The story is about a girl who was expecting that romantic events would happen when she enters high school. But the reality is not that sweet...
Pitiful but very funny comedy.
Anime News Network
Copyright © 2018 japanese-lesson.com. All rights reserved.
Generator for Kanji Writing Practice Sheets
Pick template, two columns, four columns, no stroke order, template options, choose kanji, jlpt grades, jōyō kanji / school grades, heisig's remembering the kanji, japanese text, fetch kanji from an anki deck.
Stroke order diagrams by Kanji-colorize licensed under Creative Commons Attribution-Share Alike 3.0.
KanjiVG is copyright © 2009-2018 Ulrich Apel and released under the Creative Commons Attribution-Share Alike 3.0. license.
Handwritten font Yuzu Pop A copyright © 神楽坂柚 (Kagurazaka Yuzu) and is used in conformance with the author's license (Japanese).
This site uses the EDICT and KANJIDIC dictionary files. These files are the property of the Electronic Dictionary Research and Development Group, and are used in conformance with the Group's licence .
JLPT data taken from Jonathan Waller's JLPT Resources , licensed under Creative Commons Attribution 2.0 Generic
Resource for learning japanese kanji, kanji quizzer (beta).
Try the new progressive web version of the Kanji Quizzer app . The app features a fully redesigned, responsive interface that works on any device. The app is currently in beta testing and is free while the testing period is ongoing. Users who sign up for an account during the beta test will get lifetime access to all of the app's existing content.
Practice your Japanese reading ability with this simple quiz application. Choose from Hiragana, Katakana, or Kanji (organized by JLPT level). Quiz questions are multiple choice and appear in random order. Try the web version or download the app for IOS .
Practice Japanese Kanji with this simple flashcard viewing application. Flashcards are an easy and effective way to memorize Kanji. In addition to single kanji flashcards, we also have flashcards for vocabulary words containing one or more kanji. Kanji and vocabulary flashcards are divided into groups based on the JLPT level of the related kanji.
Welcome to Kakimashou
Practice writing Japanese on your screen. Let's write!
Learning to write in Japanese takes a lot of practice, but this website will take care of a lot of the legwork for you. You can stop wasting paper and looking up stroke-order diagrams and just focus on learning.
Support this Website
Yes, you know hundreds of Kanji, and you can read a newspaper or your favorite manga all the way to the end. But can you write? If you want to learn Kanji by writing or learn writing Kanji, this is your one-stop site for all the worksheets.
Download printable handwriting practice worksheets for Japanese Kanji by JLPT level, Grade Level, Wanikani Level, and Frequency. Every sheet is free, now and forever!
The Official Worldwide Japanese-Language Proficiency Test, operated by the Japan Foundation and JEES.
List of 1,026 kanji for japanese students in elementary school, from 1st grade to sixth grade., wanikani is a japanese radicals, kanji, and vocabulary learning web app that uses mnemonics and srs to make kanji learning simple., kanji garden, kanji garden is a free mnemonic-based srs kanji learning tool that features about 2600 kanji., kanji list ordered by the frequency they are used in the japanese language..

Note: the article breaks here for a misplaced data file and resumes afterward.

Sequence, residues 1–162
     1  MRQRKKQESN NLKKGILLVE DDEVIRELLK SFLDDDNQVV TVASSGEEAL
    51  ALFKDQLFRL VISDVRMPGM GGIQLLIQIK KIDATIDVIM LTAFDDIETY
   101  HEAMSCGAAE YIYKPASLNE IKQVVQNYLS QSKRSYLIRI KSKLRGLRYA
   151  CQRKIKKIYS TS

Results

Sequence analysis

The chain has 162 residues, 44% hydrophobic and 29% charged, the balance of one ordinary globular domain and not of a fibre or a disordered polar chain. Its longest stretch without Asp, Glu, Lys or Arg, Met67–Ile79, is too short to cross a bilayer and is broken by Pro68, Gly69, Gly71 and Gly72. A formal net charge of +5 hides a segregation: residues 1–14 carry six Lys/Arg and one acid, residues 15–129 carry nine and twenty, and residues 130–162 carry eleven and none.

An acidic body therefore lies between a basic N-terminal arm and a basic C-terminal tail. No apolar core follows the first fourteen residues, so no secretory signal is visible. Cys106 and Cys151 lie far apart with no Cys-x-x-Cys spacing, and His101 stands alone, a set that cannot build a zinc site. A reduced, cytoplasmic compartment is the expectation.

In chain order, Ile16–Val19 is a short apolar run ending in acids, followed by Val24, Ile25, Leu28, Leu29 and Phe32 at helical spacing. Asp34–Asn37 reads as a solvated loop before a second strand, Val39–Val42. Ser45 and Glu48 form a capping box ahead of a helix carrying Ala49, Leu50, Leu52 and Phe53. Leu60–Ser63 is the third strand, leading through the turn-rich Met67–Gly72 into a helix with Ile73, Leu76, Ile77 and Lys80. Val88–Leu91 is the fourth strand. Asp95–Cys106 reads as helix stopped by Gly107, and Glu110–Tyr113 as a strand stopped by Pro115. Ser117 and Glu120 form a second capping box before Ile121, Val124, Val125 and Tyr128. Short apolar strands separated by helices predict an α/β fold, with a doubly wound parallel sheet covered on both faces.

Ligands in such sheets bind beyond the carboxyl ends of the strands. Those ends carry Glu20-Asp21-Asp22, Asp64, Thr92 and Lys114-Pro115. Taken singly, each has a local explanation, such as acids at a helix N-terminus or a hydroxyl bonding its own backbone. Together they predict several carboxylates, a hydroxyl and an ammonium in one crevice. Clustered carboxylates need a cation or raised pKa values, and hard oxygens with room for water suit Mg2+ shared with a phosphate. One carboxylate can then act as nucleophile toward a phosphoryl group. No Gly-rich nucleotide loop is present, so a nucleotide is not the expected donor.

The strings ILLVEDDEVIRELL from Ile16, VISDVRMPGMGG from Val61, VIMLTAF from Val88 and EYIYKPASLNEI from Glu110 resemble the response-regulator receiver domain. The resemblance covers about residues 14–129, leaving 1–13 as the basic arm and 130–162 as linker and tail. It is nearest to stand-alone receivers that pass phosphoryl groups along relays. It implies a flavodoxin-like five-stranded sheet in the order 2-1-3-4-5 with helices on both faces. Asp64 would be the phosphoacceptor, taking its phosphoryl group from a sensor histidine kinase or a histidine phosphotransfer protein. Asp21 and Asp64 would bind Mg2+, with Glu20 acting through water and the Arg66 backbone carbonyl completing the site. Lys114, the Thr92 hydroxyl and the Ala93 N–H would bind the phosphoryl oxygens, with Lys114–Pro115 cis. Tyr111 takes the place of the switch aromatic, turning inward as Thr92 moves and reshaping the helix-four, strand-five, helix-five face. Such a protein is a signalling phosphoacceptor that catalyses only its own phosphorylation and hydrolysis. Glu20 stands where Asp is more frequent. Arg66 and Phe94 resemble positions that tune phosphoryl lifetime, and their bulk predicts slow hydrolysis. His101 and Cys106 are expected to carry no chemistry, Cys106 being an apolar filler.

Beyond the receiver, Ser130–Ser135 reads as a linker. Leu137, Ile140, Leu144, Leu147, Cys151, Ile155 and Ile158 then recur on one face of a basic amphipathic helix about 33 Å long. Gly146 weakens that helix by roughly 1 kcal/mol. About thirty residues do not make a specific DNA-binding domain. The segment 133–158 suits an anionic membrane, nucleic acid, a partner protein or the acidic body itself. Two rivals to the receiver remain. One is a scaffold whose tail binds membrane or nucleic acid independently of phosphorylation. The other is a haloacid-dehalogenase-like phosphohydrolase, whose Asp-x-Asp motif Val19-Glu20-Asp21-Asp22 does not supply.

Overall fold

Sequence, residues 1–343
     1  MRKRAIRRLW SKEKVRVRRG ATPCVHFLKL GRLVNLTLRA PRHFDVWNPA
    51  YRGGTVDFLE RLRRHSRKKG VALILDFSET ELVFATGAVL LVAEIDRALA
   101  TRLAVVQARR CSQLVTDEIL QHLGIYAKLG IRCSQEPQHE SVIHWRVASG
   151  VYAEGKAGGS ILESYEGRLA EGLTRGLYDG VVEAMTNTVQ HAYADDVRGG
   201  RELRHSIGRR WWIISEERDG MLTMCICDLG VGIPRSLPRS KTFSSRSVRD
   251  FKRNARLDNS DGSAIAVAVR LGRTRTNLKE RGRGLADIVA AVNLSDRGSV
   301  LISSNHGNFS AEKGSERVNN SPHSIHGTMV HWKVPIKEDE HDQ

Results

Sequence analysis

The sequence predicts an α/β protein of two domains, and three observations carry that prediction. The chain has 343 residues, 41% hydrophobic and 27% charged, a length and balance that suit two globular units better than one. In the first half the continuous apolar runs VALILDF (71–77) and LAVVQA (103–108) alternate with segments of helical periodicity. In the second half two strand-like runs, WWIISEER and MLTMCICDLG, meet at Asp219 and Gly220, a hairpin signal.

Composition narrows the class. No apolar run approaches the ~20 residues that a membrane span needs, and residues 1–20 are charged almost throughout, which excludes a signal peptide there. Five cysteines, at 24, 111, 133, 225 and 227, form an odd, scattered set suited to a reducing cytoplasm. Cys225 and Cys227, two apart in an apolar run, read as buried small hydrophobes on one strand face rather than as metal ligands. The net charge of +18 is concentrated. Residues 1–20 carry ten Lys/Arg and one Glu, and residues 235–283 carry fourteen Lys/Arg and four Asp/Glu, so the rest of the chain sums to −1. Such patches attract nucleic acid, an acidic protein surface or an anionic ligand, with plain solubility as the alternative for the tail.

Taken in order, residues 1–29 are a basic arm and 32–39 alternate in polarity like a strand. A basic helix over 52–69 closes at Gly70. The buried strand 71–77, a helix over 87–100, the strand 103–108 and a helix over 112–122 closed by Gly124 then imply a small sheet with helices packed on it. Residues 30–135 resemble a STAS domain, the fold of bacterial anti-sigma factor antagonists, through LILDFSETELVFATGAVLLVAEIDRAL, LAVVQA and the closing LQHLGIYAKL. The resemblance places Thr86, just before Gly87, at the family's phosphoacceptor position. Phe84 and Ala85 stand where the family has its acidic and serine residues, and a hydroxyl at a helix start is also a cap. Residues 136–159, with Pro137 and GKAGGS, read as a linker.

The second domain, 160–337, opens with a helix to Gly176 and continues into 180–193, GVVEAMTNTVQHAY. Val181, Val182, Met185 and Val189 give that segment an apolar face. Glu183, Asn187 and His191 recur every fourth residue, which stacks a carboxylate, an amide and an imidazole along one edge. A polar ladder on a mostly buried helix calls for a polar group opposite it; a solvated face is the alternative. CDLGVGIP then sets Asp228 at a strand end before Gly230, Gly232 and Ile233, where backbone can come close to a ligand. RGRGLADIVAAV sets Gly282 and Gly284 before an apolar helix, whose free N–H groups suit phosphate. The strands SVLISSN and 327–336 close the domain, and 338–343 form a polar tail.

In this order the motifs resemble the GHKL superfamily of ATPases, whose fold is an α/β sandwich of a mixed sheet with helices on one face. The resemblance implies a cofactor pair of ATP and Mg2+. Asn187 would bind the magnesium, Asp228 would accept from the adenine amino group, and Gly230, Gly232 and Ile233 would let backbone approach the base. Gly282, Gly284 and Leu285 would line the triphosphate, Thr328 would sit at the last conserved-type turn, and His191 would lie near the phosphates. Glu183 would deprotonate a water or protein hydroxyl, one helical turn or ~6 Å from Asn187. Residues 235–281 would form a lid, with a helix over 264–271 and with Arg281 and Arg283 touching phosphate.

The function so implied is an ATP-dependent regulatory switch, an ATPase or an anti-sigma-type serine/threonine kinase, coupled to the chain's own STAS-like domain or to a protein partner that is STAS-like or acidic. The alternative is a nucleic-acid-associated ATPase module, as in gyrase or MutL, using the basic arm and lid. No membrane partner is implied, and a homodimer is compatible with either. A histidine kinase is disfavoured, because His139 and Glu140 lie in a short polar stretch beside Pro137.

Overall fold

Crafted by aruke with lots of Sushi
You are using an outdated browser. Please upgrade your browser or activate Google Chrome Frame to improve your experience.
A Kanji Writing Practice Strategy That Really Works
Ready to take your kanji writing practice from 0 to 60 in 15 minutes flat?
Then keep reading…
If you want to learn kanji ASAP, you need to practice:
- Stroke Order
The more your kanji writing practice includes these four things, the better you’ll be able to remember the kanji when you need them most. Like on tests. Or when you’re writing that email to your new boss.
So let’s start with some kanji writing practice that covers these four basic bases…
Download: This blog post is available as a convenient and portable PDF that you can take anywhere. Click here to get a copy. (Download)
The #1 Focus for Beginners: Stroke Order
The very first thing you need to learn is stroke order.
To get up and running right now, grab your smartphone and…
Nab a stroke order app
Yes, they do exist. There are Japanese language-learning apps devoted exclusively to learning stroke order. The one I use is called Kanji Draw, by Lusil. There’s another one with the same name by Leafdigital.
Give them both a try and see which one works for you.
There are obvious advantages to practicing writing with an app . It’s free, you can pull out your phone any time you want to practice, and you don’t have to worry about pencil and paper.
But don’t rely only on apps.
Look for a kanji book
When you want lots of structure, find yourself a kanji practice book. There are lots of textbooks out there to help you learn kanji, but they don’t all help you learn stroke order.
Books such as Japanese Kanji Power and Tuttle Learning Japanese Kanji are two examples of books that include stroke order. These types of books are great because they also give you some space to look at the kanji and practice it.
But if you have a mobile device, definitely nab an app, like Kanji Draw or JA Sensei . These apps not only show you the stroke order, but also the stroke direction.
And that’s just as important…
Find a kanji web app
Web apps such as Kanji Alive are designed to help you learn to read and write kanji. This app lets you search for kanji by meaning, grade, or you can input the character itself if you have a Japanese kanji input tool. It gives you the stroke order along with the meanings, phonetics, and definitions.